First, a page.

Wednesday, October 28, 2009

Allie Finkle's Rules for Girls

I wanted to like Moving Day, I really did. I am a big fan of Meg Cabot's and when I discovered this series written for the 8-10 year old crowd, I thought it couldn't help but be a home run. It has all the elements for success -- a heroine who's 9, a familiar crisis (moving), a pair of lovable brothers for the longsuffering heroine to tolerate-- but for me, it just didn't click.

Maybe I set the bar too high. After all, Cabot's Princess Diaries are among my favorite books of all time. I laughed out loud reading books 1-3 (though the rest of the franchise is negligible). But Allie Finkle is no Mia Thermopolis. She's just not that likable.

Here's the premise: Allie is horrified to find her family is moving across town. How will she survive without her best friend, Mary Kay? What about her rock collection? How will she manage in a new school? But the thing is, Allie's best friend is irritating. And not in a funny, trademark Meg Cabot way; she's just annoying. It's hard to see why Allie hangs out with her. At the same time, Allie is occasionally mean to Mary Kay in a way that seems rather heartless. So while you can certainly see why Allie does mean things to Mary Kay, you can't really endorse her behavior or feel good about it. Nor does Allie (who narrates the book) really feel much remorse. She knows what she did was wrong, but it doesn't weigh on her. It wasn't deeply troubling for me, but it did make Allie less likable.

Frankly, most of the kids in her school are rather repellent and the reader will have no trouble getting the rather heavy-handed message that Allie will be much better off in her new neighborhood with her new school. Especially after she meets her new neighbor, a girl her age who is imaginative, enthusiastic, open and willing to share -- just about everything Mary Kay isn't. Obviously it takes Allie a little longer to realize this fact, and her situation is complicated when she steals the turtle from the local Chinese restaurant. This part really irked me, partly because it was so pointless (she's worried he'll be made into soup) and partly because Allie doesn't suffer much in the way of consequences (she is promised a kitten after the move, but this is taken away; later she gets a kitten anyway). Her family is banned from eating in that restaurant, but who cares? They're moving anyway.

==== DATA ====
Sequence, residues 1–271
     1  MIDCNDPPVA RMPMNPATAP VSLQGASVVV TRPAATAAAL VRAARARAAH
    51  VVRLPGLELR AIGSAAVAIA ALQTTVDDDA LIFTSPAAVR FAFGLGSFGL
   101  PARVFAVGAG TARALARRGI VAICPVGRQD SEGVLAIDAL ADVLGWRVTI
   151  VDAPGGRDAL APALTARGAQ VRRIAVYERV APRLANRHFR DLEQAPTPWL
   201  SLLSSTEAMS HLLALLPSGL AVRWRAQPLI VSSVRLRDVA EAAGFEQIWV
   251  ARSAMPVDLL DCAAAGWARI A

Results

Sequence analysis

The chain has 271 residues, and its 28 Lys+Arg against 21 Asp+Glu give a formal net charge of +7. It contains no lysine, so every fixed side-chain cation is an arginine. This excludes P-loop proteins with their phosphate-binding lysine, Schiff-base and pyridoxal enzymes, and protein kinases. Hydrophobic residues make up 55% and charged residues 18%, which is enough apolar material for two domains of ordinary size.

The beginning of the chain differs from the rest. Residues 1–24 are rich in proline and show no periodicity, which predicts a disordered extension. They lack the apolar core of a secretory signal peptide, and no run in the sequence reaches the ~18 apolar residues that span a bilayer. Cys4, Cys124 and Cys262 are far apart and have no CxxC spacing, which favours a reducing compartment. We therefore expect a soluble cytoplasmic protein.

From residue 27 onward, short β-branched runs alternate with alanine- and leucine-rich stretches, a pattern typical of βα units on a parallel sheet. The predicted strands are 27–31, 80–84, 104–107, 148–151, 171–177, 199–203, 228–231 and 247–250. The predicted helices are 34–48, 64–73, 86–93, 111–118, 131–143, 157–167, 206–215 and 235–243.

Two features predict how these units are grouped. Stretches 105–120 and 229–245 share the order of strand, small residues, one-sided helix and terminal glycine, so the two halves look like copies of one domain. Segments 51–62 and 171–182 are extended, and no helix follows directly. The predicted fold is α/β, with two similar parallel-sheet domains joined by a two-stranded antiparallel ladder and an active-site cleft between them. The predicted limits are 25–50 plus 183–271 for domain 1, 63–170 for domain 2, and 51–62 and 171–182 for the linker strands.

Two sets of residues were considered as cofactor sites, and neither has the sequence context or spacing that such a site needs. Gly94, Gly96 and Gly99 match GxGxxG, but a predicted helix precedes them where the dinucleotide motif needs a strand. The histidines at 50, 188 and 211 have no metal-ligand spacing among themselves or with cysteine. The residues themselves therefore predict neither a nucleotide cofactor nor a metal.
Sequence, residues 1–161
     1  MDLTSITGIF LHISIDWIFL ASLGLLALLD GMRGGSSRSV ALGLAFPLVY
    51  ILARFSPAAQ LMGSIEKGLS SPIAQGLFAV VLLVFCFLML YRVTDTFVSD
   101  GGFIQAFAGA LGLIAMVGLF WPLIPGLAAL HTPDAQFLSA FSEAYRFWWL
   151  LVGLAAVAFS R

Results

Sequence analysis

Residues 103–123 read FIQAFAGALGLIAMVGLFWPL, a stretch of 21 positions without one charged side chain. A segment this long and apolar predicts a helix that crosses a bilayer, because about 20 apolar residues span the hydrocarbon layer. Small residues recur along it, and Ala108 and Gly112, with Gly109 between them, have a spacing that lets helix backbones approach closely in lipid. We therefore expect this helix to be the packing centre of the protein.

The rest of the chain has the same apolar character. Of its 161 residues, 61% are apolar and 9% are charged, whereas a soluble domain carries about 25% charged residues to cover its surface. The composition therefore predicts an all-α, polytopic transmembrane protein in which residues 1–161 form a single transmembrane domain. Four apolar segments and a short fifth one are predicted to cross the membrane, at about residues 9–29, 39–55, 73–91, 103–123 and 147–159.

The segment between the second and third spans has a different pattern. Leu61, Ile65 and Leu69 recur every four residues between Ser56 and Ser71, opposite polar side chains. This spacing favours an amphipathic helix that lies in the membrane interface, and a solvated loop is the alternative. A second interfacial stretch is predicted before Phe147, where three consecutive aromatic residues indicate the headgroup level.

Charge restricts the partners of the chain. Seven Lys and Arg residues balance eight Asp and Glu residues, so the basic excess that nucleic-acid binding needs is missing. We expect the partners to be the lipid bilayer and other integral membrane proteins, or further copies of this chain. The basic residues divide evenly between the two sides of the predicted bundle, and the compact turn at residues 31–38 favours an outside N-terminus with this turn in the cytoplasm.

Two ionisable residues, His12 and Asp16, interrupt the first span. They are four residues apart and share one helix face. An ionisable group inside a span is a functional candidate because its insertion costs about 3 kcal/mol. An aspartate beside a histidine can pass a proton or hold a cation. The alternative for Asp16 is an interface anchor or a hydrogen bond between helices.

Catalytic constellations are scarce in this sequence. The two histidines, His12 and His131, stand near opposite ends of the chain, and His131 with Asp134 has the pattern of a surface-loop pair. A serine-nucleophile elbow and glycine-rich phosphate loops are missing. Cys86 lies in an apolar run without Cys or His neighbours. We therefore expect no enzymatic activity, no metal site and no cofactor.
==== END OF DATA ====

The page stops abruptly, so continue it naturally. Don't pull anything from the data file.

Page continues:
Other, smaller things rankled as well -- the fact that her parents keep a swear jar, which they occasionally have to contribute to and the casual cruelty of Allie's classmates spring to mind. Allie does have one positive change of heart about boy in her class that was nicely done, but the rest of the kids are so deeply unlikable that it's hard to see why she wouldn't want to move. There's also a subplot in which Allie stands up to some girls in her class and rescues a cat they're mistreating. Her rescue backfires and the cat escapes outside. Allie owns up to her mistake, and rats out the other girls for their cat abuse, which was handled well, but further underscores the question: why does she want to stay with these awful "friends?"

I wanted to like Allie, but didn't. Because I like Cabot, I will give this series another shot. Maybe the second book, set in the new neighborhood and shorn of its feral 3rd graders, will capture that light style she normally does so well.

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